Thursday, Feb. 22, 2024|
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Three weeks on the job and University of Hawaii at Hilos Chancellor Bonnie Irwin is wasting no time in her new role.
Three weeks on the job and University of Hawaii at Hilo’s Chancellor Bonnie Irwin is wasting no time in her new role.
Irwin, who began on July 1, has several priorities already in place for the university.
Irwin said she has spent a lot of time so far reading and studying, and is “not nearly done yet.” And last week met with some Big Island legislators, which was was “very informative.”
“I’m really rather relieved that I’m finally here,” she told the Tribune-Herald. “It was a very long time from the time that I accepted the position to the start date, mostly because I needed to finish things where I was, but my husband and I are all settled in now, and it feels like we’re here, really, and the job begins.”
One of her first priorities is to “really look at how we can make our students more successful. How we can get more across the finish line to graduate. What are the obstacles in their way? So I’ve been trying to learn as much as I can about that, because for me, students always come first,” Irwin said.
Other priorities feed into that.
“We have a number of people on this campus in interim roles, and so I’d like to start doing some hiring and getting people into permanent positions,” Irwin said. “… Sometimes when people are in interim roles they feel that they can’t really do anything major, they can’t make changes because they’re not going to be in the job for a long time. That’s not true of everybody, but we need to get things moving.”
Irwin said she has been reading notes from strategic planning sessions held last year, “so coming up with a plan to move us forward will be something that we do later in the year. …”
Enrollment and retention has long been a struggle for the university, with UH-Hilo’s student population declining every year since 2012, when it peaked at 4,157 students after several years of growth.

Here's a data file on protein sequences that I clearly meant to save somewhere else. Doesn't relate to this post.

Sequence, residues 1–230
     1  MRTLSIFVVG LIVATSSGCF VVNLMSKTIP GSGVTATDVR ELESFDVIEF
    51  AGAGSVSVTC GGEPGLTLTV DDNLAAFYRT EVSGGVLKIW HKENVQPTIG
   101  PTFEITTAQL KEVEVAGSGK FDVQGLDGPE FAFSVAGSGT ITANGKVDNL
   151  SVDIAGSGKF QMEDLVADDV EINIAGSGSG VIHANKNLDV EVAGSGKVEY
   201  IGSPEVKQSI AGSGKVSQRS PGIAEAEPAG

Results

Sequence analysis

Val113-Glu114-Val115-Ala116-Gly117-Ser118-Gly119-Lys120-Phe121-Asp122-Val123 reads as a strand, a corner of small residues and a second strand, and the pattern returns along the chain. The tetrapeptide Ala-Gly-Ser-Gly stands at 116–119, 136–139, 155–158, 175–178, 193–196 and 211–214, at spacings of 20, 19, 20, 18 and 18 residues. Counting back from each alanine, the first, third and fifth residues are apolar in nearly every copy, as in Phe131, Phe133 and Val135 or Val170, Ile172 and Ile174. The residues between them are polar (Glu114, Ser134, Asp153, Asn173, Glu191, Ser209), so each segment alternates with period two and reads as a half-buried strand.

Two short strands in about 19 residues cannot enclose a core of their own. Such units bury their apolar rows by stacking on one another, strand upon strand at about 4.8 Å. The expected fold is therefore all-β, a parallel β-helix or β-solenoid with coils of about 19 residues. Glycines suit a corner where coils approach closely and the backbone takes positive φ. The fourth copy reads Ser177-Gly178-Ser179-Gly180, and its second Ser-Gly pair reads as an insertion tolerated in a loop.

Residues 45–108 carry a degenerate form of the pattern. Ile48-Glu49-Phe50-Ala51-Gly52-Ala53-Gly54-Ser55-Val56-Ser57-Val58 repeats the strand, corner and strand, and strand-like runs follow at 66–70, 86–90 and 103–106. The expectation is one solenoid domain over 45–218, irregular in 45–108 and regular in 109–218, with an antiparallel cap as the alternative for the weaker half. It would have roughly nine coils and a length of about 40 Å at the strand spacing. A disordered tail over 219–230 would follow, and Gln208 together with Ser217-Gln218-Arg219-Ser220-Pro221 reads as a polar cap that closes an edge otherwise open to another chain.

Irwin said she’s still studying what has been done at UH-Hilo, and what has been successful and what has been less successful in those arenas.
“But I have a lot of experience in student recruitment and retention activities,” she said. “… First and foremost, we need to make sure that the students we have are successful, which means getting the retention and graduation rates up. You do that in a number of ways.”
One is ensuring students have necessary support, like academic support, access to needed classes, counseling services and financial aid — things to help the students finish school, she said.
“Because I think the more students we graduate, and the more working professionals we have in this community who are alums of UH-Hilo, then more of the local students will see this campus as a destination for them.”
Irwin said she also wants to “build on the good work of this campus” by providing meaningful and applied learning experiences for students, whether that’s research with faculty, community service or study abroad opportunities.
Another piece in the enrollment puzzle is to recruit more students, both from the mainland and internationally, Irwin said, “and to keep those numbers up.”
“I think Hilo has a lot to offer,” she said. “One of the things we have here is a nice, small campus (with) a lot of individual attention, and most students are looking for that.”
Another step is to look at how the university makes its academic programs distinctive.
“There are some things that people would immediately think they should come here to study,” Irwin said. “Marine science is a really good example. Where better to study the ocean and life in the ocean than on an island?”
But Irwin said she’ll also talk to faculty about ways to bring a sense of Hilo and Hawaii to programs that can be found elsewhere, “so people from other places realize there’s a value added to studying their discipline here.”
The university’s Division II athletics also can be a draw for “scholar athletes,” people who want to keep engaged with their sport and go to school, she said.
Additionally, Irwin said she already has started partnering with Hawaii Community College Chancellor Rachel Solemsaas.
“We’re very interested in building pathways from the (local) schools to the community college to the university,” she said. “And one of the things I talked to island legislators about is what are the needs in the community. So if Chancellor Solemsaas and I, and our teams, get the students across the finish line and they graduate with degrees, are there going to be decent jobs at the other end of that pipeline? And what are the fields in which we see needs?”
Areas frequently mentioned in conversations were mental health and medical services, as well as teachers, in rural areas.
“So, how can we create those pipelines so a student in high school now or even middle school who wants that career can get there, and how can we facilitate that?”
Those efforts will require collaborations between faculty at both institutions, she said.
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